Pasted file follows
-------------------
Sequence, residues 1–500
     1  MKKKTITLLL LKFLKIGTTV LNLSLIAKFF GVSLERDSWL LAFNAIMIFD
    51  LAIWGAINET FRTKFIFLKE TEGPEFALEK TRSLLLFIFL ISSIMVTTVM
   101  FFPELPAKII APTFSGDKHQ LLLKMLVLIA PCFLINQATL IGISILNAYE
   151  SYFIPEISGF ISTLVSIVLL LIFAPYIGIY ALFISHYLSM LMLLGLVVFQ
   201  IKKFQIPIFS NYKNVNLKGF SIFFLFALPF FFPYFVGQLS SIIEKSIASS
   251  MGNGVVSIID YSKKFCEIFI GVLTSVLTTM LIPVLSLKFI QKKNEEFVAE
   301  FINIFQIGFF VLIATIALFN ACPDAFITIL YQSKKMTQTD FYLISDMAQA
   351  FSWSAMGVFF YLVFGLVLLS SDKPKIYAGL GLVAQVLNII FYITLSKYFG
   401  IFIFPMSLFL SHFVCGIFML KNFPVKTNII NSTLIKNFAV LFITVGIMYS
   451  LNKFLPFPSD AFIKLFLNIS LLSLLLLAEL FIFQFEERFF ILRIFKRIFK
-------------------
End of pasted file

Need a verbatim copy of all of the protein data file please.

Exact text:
Sequence, residues 1–500
     1  MKKKTITLLL LKFLKIGTTV LNLSLIAKFF GVSLERDSWL LAFNAIMIFD
    51  LAIWGAINET FRTKFIFLKE TEGPEFALEK TRSLLLFIFL ISSIMVTTVM
   101  FFPELPAKII APTFSGDKHQ LLLKMLVLIA PCFLINQATL IGISILNAYE
   151  SYFIPEISGF ISTLVSIVLL LIFAPYIGIY ALFISHYLSM LMLLGLVVFQ
   201  IKKFQIPIFS NYKNVNLKGF SIFFLFALPF FFPYFVGQLS SIIEKSIASS
   251  MGNGVVSIID YSKKFCEIFI GVLTSVLTTM LIPVLSLKFI QKKNEEFVAE
   301  FINIFQIGFF VLIATIALFN ACPDAFITIL YQSKKMTQTD FYLISDMAQA
   351  FSWSAMGVFF YLVFGLVLLS SDKPKIYAGL GLVAQVLNII FYITLSKYFG
   401  IFIFPMSLFL SHFVCGIFML KNFPVKTNII NSTLIKNFAV LFITVGIMYS
   451  LNKFLPFPSD AFIKLFLNIS LLSLLLLAEL FIFQFEERFF ILRIFKRIFK